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By William T. Elliott, MD, FACP, and James Chan, PharmD, PhD
The fda approved wyeth ayerst’s zaleplon (Sonata) for the short-term treatment of insomnia in adults. Zaleplon represents the first in a new class of nonbenzodiazepine hypnotics, the pyrazolopyrimidines. The drug is characterized by rapid absorption, rapid elimination, rapid onset, and short duration of action.
Zaleplon is indicated for the short-term treatment of insomnia. As with other hypnotics, zaleplon should generally be limited to 7-10 days of therapy.1
The recommended dose of zaleplon is 10 mg, although a 20-mg dose may benefit certain patients. For the elderly, patients with low body weights, or patients with mild to moderate hepatic impairment, the dose should be reduced to 5 mg. No dose adjustment is necessary in patients with mild to moderate renal impairment. The drug should be taken immediately before bedtime or after the patient has gone to bed but failed to fall asleep, but it should not be taken if there are less than four hours left before the patient needs to be active. Zaleplon should not be taken with a heavy, high-fat meal as the absorption of the drug is significantly delayed.1
Zaleplon is supplied as 5 mg and 10 mg capsules. The FDA has given the drug a schedule IV classification similar to the benzodiazepines.
Zaleplon has a short half-life of elimination (0.9-1 hour); therefore, there is generally no next-day hangover or grogginess. The drug may be taken late into the night without risk of daytime sleepiness, as long as the patient has at least four hours left in bed. The metabolites of zaleplon do not appear to be active.
Due to its short duration of action, zaleplon is effective in inducing sleep rapidly, but may not be effective in sleep maintenance. Even though zaleplon is not a benzodiazepine, its behavior pharmacologic profile has been reported to be similar to that of triazolam when administered to subjects with a history of drug abuse.3 Same-day and next-day subject-rated measures suggesting abuse potential were similar for the two drugs.3
Cytochrome P450 inducers such as rifampin decrease the zaleplon plasma concentration by 80%. Coadministration of zaleplon with rifampin and other inducers such as phenytoin, carbamazepine, and phenobarbital should be avoided. Cimetidine increases the bioavailability by 85% due to the inhibition of the major (aldehyde oxidase) and minor (cytochrome P450 isoenzyme 3A4) pathways. A 5-mg dose should be used if zaleplon is coadministered with cimetidine.1
Zaleplon is a pyrazolopyrimidine that binds selectively to the BZ1 (omega 1) subtype of the GABA benzodiazepine-receptor complex.2 In animal studies, zaleplon demonstrated a similar pharmacologic profile to zolpidem.2 Its pharmacokinetics properties suggest that the drug may be most useful for insomnia characterized by difficulty falling sleep. Zaleplon does not appear to benefit patients with frequent awakenings or waking too early in the morning. Zaleplon does not appear to affect sleep duration. Clinical trials indicated that zaleplon reduced sleep latency by 10-20 minutes (15-30%) less than placebo.1 Daytime anxiety was not observed in the clinical trials and rebound insomnia was reported to resolve by the second night following withdrawal.1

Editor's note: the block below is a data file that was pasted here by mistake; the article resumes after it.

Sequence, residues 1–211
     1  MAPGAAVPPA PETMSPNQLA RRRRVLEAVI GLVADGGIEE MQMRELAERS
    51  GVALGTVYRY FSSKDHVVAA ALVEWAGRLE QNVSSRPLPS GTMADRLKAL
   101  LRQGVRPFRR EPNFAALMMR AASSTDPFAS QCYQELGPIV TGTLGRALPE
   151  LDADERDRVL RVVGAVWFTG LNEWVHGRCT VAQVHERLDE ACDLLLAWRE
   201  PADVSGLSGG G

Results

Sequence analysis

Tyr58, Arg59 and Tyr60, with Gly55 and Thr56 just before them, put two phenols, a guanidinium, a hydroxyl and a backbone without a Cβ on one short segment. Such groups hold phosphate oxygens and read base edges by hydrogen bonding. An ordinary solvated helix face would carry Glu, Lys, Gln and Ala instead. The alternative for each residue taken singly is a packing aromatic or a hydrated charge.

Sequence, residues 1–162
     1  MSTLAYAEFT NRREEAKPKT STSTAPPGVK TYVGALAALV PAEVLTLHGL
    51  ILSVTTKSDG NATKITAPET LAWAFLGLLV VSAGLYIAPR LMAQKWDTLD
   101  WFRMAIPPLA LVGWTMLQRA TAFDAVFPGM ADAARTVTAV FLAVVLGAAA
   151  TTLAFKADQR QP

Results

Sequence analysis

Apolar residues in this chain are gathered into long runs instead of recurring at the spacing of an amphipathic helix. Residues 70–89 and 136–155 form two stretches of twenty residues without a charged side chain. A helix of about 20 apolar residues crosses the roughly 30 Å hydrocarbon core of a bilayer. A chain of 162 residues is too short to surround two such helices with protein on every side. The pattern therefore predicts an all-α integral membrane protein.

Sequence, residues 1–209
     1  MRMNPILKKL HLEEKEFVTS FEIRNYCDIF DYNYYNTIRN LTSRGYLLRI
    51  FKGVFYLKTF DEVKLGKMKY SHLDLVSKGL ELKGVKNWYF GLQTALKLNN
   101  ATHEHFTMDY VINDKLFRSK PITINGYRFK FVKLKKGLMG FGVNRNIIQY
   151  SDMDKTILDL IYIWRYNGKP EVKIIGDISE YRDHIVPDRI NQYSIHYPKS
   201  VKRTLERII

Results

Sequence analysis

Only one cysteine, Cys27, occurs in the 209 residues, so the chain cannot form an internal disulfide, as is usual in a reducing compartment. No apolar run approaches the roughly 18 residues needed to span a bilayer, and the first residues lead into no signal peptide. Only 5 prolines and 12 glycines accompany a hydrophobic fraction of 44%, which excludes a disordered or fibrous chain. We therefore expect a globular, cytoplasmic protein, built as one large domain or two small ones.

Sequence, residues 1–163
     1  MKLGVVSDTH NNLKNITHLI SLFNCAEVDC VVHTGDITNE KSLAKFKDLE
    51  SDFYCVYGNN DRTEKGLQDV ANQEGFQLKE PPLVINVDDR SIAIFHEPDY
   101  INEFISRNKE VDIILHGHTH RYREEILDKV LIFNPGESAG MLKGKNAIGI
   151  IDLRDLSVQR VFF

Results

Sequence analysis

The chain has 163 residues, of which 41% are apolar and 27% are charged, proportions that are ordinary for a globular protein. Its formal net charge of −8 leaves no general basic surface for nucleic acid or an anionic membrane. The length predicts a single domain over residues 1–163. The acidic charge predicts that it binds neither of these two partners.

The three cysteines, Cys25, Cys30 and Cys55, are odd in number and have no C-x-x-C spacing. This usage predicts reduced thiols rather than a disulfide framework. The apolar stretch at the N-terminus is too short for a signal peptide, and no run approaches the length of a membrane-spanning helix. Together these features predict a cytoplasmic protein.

The cost of zaleplon is $1.72 and $2.12 per day for the 5 mg and 10 mg, respectively. It costs the same as 5 mg and 10 mg of zolpidem.
Insomia is the most common sleep disorder characterized by one or more of the following: difficulty falling asleep, difficulty maintaining sleep, and early awakening. The daytime consequences of insomnia include tiredness, difficulty concentrating, lack of energy, and irritability.4 About 30-40% of adults have some form of insomnia per year and 10-15% consider the problem serious.4 Insomnia is more prevalent in women and increases with age and socioeconomic class.5 There are many causes of insomnia including environmental or situational factors, medication side effect, substance abuse, or medical and/or psychiatric conditions.
Insomnia can be categorized as transient and intermittent or chronic. Treatment should be directed toward correcting any underlying conditions and improving sleep hygiene. Short-term pharmacologic management has included benzodiazepines (e.g., temazepam, triazolam) as well as nonbenzodiazepine (zolpidem). Due to its short elimination half-life compared to other drugs, zaleplon is probably most useful for the short-term treatment of patients whose primary complaint is difficulty in falling asleep.
1. Sonata Product Information. Wyeth Ayerst. August 1999.
2. Sanger DJ, et al. Eur J Pharmacol 1996;10:313(1-2): 35-42.
3. Rush CR, et al. Psychopharmacology (Berl) 1999; 145(1):39-51.
4. National Heart, Lung, and Blood Institute Working Group on Insomnia. September 1998.
5. Gillin JC, et al. N Engl J Med 1990;322:239-248.
a. It is not affected by cytochrome P450 inducers.
b. It has a short duration of action.
c. It is not a benzodiazepine.
d. It is most effective for inducing rapid onset of sleep.